Tuesday, August 2, 2011
True Crime Scotland Yard Style
DEBORAH CROMBIE: Here at Jungle Red we all write crime fiction, so we are accustomed to imagining and inventing all sorts of corruption and nefarious doings. And because I in particular write contemporary British police procedurals, I've long been aware that things within the Met can be less than peachy.
I've read the autobiographies of a number of recent Scotland Yard commissioners and senior officers, the most interesting among them Brian Paddick's Line of Fire. Paddick, the most senior openly gay officer in the Metropolitan Police, was at the time of his retirement in May 2007 Deputy Assistant Commissioner. Paddick had already had several run-ins with Murdoch's media machine, but when in 2005 his accounting of the Stockwell shooting of Jean Charles de Menzies differed from the official one, it effectively ended his career.
In light of the recent disclosures involving the intertwining of Sir Rupert Murdoch's media empire with the higher levels of the Metropolitan Police, one might be given to some interesting speculation here.
That, of course, is what we writers do. Speculate. I've certainly speculated about corruption in the upper levels of the Met, and I've considered such things as useful plot devices. But I'm just as disillusioned as anyone to find that life has so blatantly imitated art, and to see the reputation of the Met so tarnished.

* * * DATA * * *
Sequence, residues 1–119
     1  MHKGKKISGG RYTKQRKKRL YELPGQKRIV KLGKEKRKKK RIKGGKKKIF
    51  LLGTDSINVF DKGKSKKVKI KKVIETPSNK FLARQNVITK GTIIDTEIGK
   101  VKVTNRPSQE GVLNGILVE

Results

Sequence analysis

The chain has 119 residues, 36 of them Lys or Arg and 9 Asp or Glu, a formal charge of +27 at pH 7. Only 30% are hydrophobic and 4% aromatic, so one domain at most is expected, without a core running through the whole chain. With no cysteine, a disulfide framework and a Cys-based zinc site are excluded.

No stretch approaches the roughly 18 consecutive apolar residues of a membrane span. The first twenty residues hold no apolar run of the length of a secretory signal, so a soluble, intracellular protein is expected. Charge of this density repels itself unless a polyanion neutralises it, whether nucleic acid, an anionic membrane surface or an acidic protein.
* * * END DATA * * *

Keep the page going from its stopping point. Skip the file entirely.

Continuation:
Sir Paul Stephenson, the commissioner of the Met, has stepped down, leaving the post open.
But it could be that some good things will come of the airing of the Met's dirty laundry. It's possible that the Met might have its first female commissioner. Sara Thornton, chief constable of Thames Valley Police, is the 2-1 favorite for the job.
Yes, trust the Brits. The bookies are laying odds on the appointment.
And Chief Constable Thornton, at least in this photo, looks the tiniest bit like Helen Mirren. That would be one for the books.
So, Jungle Reds and dear readers--anyone want to make a wager?